In Conrad’s book, the audience did not get a feel for the Africans feelings. In “Things Break Down,” it says “Ikemefuna came to Umuofia at the end of the carefree season in between harvest and planting” (p. 21). The importance of this line has not to do with Ikemefuna however the idea of harvest and planting. The Africans in this book are revealed as human beings connecting to be civilized and follow a structure of organization in flourishing their land. They plant and make a lifestyle. So when the Europeans come and bring in their thoughts and ideas, the audience has an understanding view and understanding of why the
Africans are less apt at truly welcoming the Europeans. In “Heart of Darkness” though, the audience do not get a feel of compassion as much for the Africans due to the fact that the book does not enter the Africans culture prior to the European intrusion. Instead the book is written with mostly a European view. It’s composed in the viewpoint of a European traveling to Africa so much predisposition is currently placed on the Africans. The audience does not get to see the human side of the Africans. Rather they get perspectives like, “A nigger was beaten nearby” (Conrad p. 23).
The audience doesn’t get a sense of who the Africans are. They get this forecasted idea that the Africans are uncivilized and savage. Once might argue that “Things Fall Apart” is for the Africans side, and “Heart of Darkness” is for the Europeans, due to the way both were written. Another distinction in both books is that women play more of a function in “Things Break Down” than in “Heart of Darkness”. In Conrad’s book the only reference of a women is Kurtz’s girlfriend. It states, “She was savage and outstanding” (p. 8). The audience gets no genuine depiction of the ladies here.
From the line they only understand of what Western culture views them as, which is savage and barbaric. There is no real understanding of them besides that. The audience can not get on a personal level of what the women’s function was. It was as if they played no important function in society. They weren’t of any importance. On the other hand, in “Things Fall Apart,” the audience gets a genuine feel on what ladies carried out in the African culture. The females told stories like, “That is why Tortoise’s shell is not smooth” (p. 85).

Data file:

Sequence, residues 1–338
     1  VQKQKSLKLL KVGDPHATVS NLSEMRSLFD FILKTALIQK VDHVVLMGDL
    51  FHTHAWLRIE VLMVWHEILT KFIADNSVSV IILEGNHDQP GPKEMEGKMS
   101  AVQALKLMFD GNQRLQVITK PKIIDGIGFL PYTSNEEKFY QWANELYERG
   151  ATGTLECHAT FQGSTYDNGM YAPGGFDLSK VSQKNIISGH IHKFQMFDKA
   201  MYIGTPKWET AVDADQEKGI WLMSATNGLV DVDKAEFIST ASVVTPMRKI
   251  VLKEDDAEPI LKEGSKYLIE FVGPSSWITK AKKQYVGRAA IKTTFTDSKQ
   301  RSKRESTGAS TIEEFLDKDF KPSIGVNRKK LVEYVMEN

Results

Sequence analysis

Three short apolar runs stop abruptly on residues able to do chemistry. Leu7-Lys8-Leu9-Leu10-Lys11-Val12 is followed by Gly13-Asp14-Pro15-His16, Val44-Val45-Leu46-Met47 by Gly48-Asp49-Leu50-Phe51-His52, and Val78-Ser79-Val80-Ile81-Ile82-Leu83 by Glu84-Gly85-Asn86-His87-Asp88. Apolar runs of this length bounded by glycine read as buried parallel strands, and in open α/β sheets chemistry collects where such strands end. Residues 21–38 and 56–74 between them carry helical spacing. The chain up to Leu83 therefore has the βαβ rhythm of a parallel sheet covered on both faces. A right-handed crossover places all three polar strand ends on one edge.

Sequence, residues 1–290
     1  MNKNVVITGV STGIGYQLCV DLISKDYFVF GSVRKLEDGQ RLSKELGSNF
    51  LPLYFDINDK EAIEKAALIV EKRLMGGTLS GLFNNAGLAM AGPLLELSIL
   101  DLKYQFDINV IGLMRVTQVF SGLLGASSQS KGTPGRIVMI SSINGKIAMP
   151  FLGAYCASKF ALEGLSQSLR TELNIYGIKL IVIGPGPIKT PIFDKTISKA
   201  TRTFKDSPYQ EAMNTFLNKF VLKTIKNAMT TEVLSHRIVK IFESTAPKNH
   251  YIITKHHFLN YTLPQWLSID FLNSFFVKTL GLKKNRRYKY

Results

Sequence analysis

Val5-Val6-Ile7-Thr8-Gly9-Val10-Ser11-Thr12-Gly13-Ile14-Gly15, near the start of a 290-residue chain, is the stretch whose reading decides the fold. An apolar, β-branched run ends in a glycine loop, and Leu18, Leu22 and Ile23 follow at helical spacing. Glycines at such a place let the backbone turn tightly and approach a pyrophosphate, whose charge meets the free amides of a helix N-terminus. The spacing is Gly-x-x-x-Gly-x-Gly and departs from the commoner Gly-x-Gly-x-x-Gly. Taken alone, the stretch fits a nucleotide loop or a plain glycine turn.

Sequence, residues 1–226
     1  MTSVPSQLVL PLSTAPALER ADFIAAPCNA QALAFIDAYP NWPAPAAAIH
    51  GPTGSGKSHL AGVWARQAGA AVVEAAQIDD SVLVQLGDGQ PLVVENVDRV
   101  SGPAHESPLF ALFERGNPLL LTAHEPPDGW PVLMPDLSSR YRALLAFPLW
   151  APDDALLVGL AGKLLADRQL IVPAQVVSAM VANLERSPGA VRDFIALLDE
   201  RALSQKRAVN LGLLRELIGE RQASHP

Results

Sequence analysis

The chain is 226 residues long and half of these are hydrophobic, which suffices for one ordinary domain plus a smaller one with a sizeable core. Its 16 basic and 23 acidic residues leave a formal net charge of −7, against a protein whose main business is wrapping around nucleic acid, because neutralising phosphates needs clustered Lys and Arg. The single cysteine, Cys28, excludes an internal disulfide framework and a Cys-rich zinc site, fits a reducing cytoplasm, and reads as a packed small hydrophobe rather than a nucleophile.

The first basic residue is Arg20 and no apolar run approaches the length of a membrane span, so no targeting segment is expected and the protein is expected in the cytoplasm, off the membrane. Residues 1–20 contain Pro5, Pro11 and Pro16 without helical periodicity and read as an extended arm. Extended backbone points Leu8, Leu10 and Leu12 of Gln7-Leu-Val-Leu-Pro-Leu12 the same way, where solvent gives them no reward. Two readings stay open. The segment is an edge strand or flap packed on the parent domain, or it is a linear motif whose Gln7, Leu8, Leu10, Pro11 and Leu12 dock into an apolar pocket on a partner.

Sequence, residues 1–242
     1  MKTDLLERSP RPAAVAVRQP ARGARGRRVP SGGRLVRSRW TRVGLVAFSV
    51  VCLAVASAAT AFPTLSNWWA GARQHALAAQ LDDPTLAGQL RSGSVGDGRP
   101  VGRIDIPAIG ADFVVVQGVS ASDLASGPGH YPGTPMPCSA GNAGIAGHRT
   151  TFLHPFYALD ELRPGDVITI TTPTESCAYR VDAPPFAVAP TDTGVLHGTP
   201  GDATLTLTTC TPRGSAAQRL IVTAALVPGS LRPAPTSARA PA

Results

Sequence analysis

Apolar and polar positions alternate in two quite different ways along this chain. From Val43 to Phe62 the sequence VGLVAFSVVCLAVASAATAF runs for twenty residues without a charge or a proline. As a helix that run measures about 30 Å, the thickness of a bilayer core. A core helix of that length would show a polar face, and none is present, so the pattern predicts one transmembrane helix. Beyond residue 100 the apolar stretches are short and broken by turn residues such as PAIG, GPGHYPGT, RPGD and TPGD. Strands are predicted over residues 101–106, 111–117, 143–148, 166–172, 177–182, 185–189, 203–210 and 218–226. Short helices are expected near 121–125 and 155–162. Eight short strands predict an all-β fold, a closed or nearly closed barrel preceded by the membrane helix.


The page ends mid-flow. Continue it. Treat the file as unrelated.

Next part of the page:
Through stories the females are spreading their positive light on the kids and house life. On page 116, it specifies, “Nwoye’s mom and Ojugo would supply the other things like smoked fish, palm-oil and pepper for the soup. This shows that the females were the primary food prepares not just for the family but for the special events like feasts for the people. Another important quote says, “A male belongs to his fatherland when things are good and life is sweet. But when there is grief and bitterness he finds haven in his motherland” (Achebe 94-95).
This quote generally states that when things are fine in a tribe and everything is going the way it is suppose to they can be perceived as strong and manly. However when things go sour in their village they turn to their mom or motherland for comfort. The male are expect to be masculine and strong so they aren’t suppose to be all caring however the females are viewed as this reassuring soul. The ladies played a crucial function in “Things Fall Apart.” They supply numerous essential elements in the tribal life while it is never ever truly displayed in “Heart of Darkness. “Heart of Darkness” and “Things Fall Apart” have lots of similarities and distinctions. The examples shown are simply a few of the numerous that are exposed in both books. The 2 books can be argued to take various sides. It can be stated that “Heart of Darkness” is sided on the Western Cultural viewpoints, while “Things Break Down” is sided more with the Africans. 1. Achebe, Chinua. Things Break Down. Johannesburg: William Heinemann Ltd, 1958. 2. Conrad, Joseph. Heart of Darkness. New York: W. W. Norton & & Business Inc, 2006.